I lived in Silicon Valley for over 30 years and often heard the phrase “smart money” which meant funding that came from investors who added value beyond just capital. Smart money brings know-how, industry experience and networks that are often more valuable than just cash.
Scripture alludes to “stupid money” in Psalm 40 which ends with this phrase:
“Rich people with no understanding are just like animals that die.”
Living a life without purpose is terrible; dying rich and leaving this life without having figured out the meaning of money is… well, no different than living and exiting the planet like an animal.
Stupid money has not found its purpose. Stupid money meets the needs of this life but does nothing for the rest of one’s life in eternity. Stupid money focuses on consumption, not multiplication through others.
If smart money has discovered its purpose, what are some of the broad purposes of money? The usual answers include...
It has been said no one has seen a hearse with a U-Haul trailer behind it. (Strangely I found many images that tell a different story.) There is even a popular song by Kristian Bush with the same sentiment.
Everybody wanna die rich
Work your way down that list.
We try, everybody tries
Tries to fit into that ditch
You can't take it with you when you go
Never seen a hearse with a trailer hitch
Never seen a hearse with a trailer hitch.
Our last two blogs have highlighted various aspects of Psalm 49 and the dangers of disconnecting wealth from eternity. The Message translation of scripture gives us a simple summary:
So don’t be impressed with those who get rich
and pile up fame and fortune.
They can’t take it with them;
fame and fortune all get left behind.
Just when they think they’ve arrived
and folks praise them because they’ve made good,
They enter the family burial plot
We don’t like to talk about death, but the older I get the closer I am to it. We have this illusion in the Western World that having a lot of money will somehow shield one from the tougher side of death. Psalm 49 talks about how we try to cheat death. Some name buildings after themselves, extending their legacies. Others write books, endow foundations or leave great wealth to their families. Even if you name a country after yourself, you will end up living in a tomb.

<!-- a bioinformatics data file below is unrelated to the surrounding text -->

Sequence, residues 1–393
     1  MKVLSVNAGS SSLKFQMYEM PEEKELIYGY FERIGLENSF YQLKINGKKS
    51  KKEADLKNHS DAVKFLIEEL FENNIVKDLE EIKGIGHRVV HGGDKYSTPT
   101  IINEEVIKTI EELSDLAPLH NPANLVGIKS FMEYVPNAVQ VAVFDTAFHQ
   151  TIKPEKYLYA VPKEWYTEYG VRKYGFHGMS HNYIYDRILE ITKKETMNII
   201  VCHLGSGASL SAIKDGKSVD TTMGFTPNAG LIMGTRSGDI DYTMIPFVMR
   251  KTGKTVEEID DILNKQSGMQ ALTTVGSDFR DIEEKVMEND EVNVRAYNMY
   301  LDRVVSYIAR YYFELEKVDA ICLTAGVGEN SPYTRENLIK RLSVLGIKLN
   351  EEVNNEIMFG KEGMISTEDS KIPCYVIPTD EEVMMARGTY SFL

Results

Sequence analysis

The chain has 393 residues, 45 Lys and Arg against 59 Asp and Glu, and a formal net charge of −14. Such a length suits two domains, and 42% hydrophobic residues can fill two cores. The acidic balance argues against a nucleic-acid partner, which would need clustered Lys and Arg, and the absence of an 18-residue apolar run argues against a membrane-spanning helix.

Their tombs will remain their houses forever,
their dwellings for endless generations,
though they had named lands after themselves.
My last blogpost cautioned us to be careful who it is that we follow: are they the self-made rich concerned about this life, or have they connected their wealth to eternity? For those who know God there is the assurance that death has been defeated through the resurrection of Jesus Christ. So the apostle Paul can ask, “Where, O...
In 2020 the annual income needed to be happy (in the USA) was roughly $75,000—earn less than this and you may be a little miserable, and earn more… well, the happiness per dollar does not increase by much. Situations vary, but this is the rough calculation. I wonder if it is fair to ask whether desiring more than “enough” is a love of money? I do not think this is always the case. If you want it so that you can give it, that is one thing. If you want it so that you can keep 90% of the increase for yourself, assuming you give away 10%, then that is different. In fact, it may be “the love of money” which we are told to avoid like a novel virus.
“Keep your lives free from the love of money and be content with what you have…” says the author of the book of Hebrews.
Dealing with greed is a tricky thing because we convince ourselves we need more. Contentment: it is easy to say it, but hard to stay in it. An experiment has been done...